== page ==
Despite his parents’ insistence on a career in engineering, Onifadé harbored aspirations for art school in the United States. He ordered magazines and brochures from art galleries in New York City, and set his sights on The Savannah College of Art and Design in Georgia. To apply, he would go to a nearby internet cafe, wait until a patron who paid for an hour of internet was about to leave, and ask to use the last five minutes of that patron’s time. He earned admission and a scholarship, yet had another hurdle to cross.
“Getting the visa was the miracle,” he says. Onifadé had to raise funds to pay the visa fee and pay for transportation to the visa office, then arrive early, and wait hours in line for an interview.
“I knew if I could get in the interview room, I’d be fine, because they’d have to listen to me talk so passionately about the arts,” he says. He was right. The interviewer was convinced, granting Onifadé a visa. His parents took more convincing.
“I told them I would be studying commercial design. I told my dad, ‘You know those graphics you see on CNN?’ I’ll be making those. That was the only way to get him to support it and let me go.”
Onifadé spent a summer semester in Savannah, working various jobs to help pay tuition he could never afford. After just a few months at the vaunted SVAD, Onifadé had to drop out.
“I used to think school was the way to be an artist,” Onifadé says. “And when I couldn’t have that, I was ready to rebel against art.”
After moving in with a friend in Dallas, Onifadé joined the National Guard, and supported various U.S. forts as a medic. The military funded his education, allowing him to earn a bachelor’s in business information systems from the University of North Texas, and a master’s in engineering from Southern Methodist University. While his income dwindled as he studied and started a family, Onifadé started hustling like he'd done at home, by designing and selling T-shirts, and helping businesses with their logos.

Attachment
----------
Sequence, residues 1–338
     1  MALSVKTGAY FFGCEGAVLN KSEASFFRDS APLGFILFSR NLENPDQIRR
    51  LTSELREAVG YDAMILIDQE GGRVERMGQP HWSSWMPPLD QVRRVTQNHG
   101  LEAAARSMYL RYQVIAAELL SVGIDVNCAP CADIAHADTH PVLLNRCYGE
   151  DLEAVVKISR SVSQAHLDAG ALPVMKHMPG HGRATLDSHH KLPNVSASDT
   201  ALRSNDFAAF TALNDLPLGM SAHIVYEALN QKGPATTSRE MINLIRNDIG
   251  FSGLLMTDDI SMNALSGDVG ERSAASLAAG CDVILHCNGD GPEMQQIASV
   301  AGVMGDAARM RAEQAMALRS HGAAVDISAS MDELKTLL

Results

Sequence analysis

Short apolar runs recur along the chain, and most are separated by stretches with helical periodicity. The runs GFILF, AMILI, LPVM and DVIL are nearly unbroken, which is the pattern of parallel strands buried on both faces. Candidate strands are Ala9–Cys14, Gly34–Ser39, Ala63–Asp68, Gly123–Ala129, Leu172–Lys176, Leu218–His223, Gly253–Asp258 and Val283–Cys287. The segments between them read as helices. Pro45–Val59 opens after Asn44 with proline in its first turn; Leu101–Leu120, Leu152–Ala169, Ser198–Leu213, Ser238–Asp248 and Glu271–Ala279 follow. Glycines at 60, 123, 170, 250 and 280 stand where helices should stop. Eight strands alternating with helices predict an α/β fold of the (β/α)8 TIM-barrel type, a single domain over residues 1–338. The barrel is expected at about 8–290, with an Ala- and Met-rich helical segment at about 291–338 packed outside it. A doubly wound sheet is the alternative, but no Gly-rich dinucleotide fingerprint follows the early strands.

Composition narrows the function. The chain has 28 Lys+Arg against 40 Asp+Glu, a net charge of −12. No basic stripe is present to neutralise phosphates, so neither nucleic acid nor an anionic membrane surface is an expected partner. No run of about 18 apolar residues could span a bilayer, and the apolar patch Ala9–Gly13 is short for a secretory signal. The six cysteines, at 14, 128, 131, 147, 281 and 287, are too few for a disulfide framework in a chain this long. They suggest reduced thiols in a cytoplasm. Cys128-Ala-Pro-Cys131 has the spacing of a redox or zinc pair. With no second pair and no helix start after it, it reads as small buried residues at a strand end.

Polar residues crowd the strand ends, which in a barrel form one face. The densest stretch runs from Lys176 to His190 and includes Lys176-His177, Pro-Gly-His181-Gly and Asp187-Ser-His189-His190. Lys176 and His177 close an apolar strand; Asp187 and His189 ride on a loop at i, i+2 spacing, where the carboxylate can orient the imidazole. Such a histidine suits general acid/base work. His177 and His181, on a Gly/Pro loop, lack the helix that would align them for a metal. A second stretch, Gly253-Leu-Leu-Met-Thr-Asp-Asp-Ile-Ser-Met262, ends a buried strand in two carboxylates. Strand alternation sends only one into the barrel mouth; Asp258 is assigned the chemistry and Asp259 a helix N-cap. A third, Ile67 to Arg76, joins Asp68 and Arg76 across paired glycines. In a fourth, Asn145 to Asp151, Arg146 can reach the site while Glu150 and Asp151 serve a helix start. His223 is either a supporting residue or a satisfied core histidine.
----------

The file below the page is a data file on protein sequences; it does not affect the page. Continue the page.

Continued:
“In the Renaissance, artists used the tools of the time,” he says. “So I learned how to use all of the Adobe programs, and people became walking billboards for me with their Jeremiah T-shirts.”
Then Onifadé started creating original work, paintings that told stories about his turbulent past.
“I think he needed art,” George says. “It went from a hobby to a passion to an identity.”
His friend Ernest, who now lives in Dallas, too, has some of Jeremiah’s painting hanging in his house.
“When people come over, I get to show them part of our story,” he says. “Together, Jerry and I have tried to find peace. We’ve tried to find our ways to heal the pain. This is his way.”
But the paintings are not just for him. Onifadé hopes his paintings — vibrant collisions of dark imagery and festive color — can show others how to survive even the most dire forms of despair.
“That’s why I want to be in a museum by 2024,” he says. “I’ve always believed that you either contribute chaos or happiness. I want to contribute happiness.”
In many ways, Onifadé is living the life his parents wanted for him. At 32, he has a house, a wife, a 10-month old son and a stable job as a cybersecurity engineer at Verizon. He often pulls 16-hour days: eight hours at his day job, then eight hours painting at home. His wife is supportive, and Onifadé thinks his parents are starting to get it, too.
“I keep on remembering that night with my dad in the winter,” he says. “And I remember how he had to stay in the north for us. I think he saw it that night. I think he saw this is what I have to do.”
Jeremiah Onifadé’s debut art show, A Prelude to the Beautiful Unknown, will take place Saturday and Sunday, June 8-9, in the Dallas Design District from 6 to 9 p.m. He will be creating a piece live, and in addition to his original artwork, it will include a DIY station for visitors to create their own work.